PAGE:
Sources

(Important details noted in parentheses)

New York Times One & Two
NPR One & Two (Coal companies also wanted to participate in negotiations; U.S. could have stayed in but not enforced regulations.)
CNN (oil companies lobbied in favour of Paris Accords)
The Hoover Institute (solar and wind account for only a small portion of energy output and require many more workers per kilowatt)
National Review (Cites Brian Zycher of the American Enterprise Institute that the effect of full implementation would be only 0.17 degrees C)
CNBC One (Notes environmentally harmful building in coastal areas and in the form of new roads) & Two
The Daily Dot
Conservation.org (America's non-participation will not deter other countries. Also believes that there is no economic cost to following Paris agreement.)
Reuters (Also on coal industry wanting to participate, especially larger corporations.)
San Diego Tribune
Business Insider (Judge economic cost to be .10-.35% rather than .55% that a study reported; brownouts not an issue; America's contribution to the Green Climate Fund was the highest, but not per capita.)
Washington Post (Other nations had already conceded main U.S. concerns, including making it nonbinding.)
Utility Dive (U.S. and E.U. argued for a monitoring and review process.)
WhiteHouse.gov (Likelihood of increased costs and restrictions over time.)
New Republic (21% of total emissions reductions scheduled to come from U.S.; arguably better to withdraw than reduce targets.)


Sunday, August 20, 2017

On the Nature of Things

It was a treat finally to read Lucretius's masterpiece, "On the Nature of Things" ("De Rerum Natura").  I knew it was an exposition of atomism, but I didn't know what to expect in the way of reasoning behind or developement of the idea.  It is actually a poem, and, thanks to the excellent translation, the writing style makes it easier to understand rather than more difficult.  (I can't imagine trying to tackle it in Latin, however.)  It was written explicitly to argue against religion; right at the beginning, Lucretius makes clear that he thinks religion is nonsense and he is going to prove it by explaining physical phenomena without reference to the gods.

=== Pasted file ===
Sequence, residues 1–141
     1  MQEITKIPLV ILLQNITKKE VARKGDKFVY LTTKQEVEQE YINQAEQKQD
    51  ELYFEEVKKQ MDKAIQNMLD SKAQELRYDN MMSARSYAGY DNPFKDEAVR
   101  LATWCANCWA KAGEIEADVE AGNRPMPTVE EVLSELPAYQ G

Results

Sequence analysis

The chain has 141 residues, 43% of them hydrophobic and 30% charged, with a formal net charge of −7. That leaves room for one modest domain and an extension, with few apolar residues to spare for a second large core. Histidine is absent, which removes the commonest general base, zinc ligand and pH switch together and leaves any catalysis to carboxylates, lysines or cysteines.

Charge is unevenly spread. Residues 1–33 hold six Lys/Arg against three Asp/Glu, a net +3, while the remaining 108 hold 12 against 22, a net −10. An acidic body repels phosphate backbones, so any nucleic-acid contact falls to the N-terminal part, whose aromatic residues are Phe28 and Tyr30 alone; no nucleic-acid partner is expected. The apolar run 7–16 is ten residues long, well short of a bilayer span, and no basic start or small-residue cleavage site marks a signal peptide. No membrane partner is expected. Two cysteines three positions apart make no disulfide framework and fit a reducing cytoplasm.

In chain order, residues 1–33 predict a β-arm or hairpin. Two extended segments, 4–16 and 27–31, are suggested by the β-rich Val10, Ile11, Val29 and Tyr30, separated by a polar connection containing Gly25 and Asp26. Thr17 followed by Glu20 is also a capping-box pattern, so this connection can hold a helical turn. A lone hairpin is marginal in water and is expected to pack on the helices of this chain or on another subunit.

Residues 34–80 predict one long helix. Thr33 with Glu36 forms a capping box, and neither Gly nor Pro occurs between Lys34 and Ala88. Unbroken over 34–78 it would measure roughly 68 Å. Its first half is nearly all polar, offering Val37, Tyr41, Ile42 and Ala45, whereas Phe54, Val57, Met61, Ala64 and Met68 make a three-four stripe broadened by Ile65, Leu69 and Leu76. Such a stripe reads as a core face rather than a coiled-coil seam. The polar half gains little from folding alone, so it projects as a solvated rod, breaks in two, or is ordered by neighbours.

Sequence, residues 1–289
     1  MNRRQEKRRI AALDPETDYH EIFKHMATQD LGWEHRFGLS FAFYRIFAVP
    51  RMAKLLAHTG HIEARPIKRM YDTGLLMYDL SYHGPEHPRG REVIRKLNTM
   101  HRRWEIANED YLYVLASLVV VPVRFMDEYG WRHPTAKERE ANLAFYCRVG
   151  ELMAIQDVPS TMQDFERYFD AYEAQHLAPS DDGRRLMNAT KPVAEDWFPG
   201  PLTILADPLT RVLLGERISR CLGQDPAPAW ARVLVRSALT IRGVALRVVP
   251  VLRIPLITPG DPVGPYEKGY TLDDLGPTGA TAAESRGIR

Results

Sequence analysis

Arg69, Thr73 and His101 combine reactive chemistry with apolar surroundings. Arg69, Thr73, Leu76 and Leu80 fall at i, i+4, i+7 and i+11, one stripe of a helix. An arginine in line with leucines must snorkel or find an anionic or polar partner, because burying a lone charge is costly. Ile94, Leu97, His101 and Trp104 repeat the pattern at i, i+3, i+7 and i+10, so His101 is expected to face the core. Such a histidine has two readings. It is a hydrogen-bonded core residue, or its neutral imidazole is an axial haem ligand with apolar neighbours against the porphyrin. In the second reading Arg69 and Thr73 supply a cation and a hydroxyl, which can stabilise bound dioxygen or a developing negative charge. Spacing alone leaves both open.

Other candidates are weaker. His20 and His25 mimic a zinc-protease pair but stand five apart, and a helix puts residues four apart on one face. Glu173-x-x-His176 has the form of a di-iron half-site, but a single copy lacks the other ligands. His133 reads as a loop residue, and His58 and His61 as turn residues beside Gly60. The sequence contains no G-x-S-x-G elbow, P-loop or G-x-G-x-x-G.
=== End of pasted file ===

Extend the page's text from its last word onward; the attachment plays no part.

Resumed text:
The central argument of his explanation is that the world is composed of atoms, and he can use atoms to explain everything from a purely physical point of view.  It is truly extraordinary to see how far reason can work out things about the physical world even when observations are made at such a gross level, without the benefit of any specialized equipment.  Lucretius argues that movement would be impossible without the existence of empty space -- the void -- into which things can move, and from this (and other things) he deduces the existence of elementary particles that constitute all things.  It would take nearly two thousand years before science could demonstrate the thing that he had intuited before the birth of Christ.

Unfortunately, Lucretius's insights do not carry much further than the existence of atoms and the void.  He believes in parthenogenesis, for example.  He also has no concept of energy's being expressed in heat, instead believing that heat and cold are their own special particles.  He identifies the chest as the seat of reason in man (consistently with what other people believed in pre-modern times), but what is really surprising is that he thinks that intelligence itself exists as particles.  I'm not really sure what alternatives could have existed at his time -- certainly a neural network would have been out of the question -- but this absolute materialism strikes the modern reader as quaint, to say the least.

Another curious part of the work is a lengthy complaint about women and marriage.  It is so vehement and seemed so out of place that it made me think Lucretius must have been very unlucky with women.  It's curious, because he actually begins the work with a prologue in praise of Venus, but then in this sections traces so many of man's ills to her.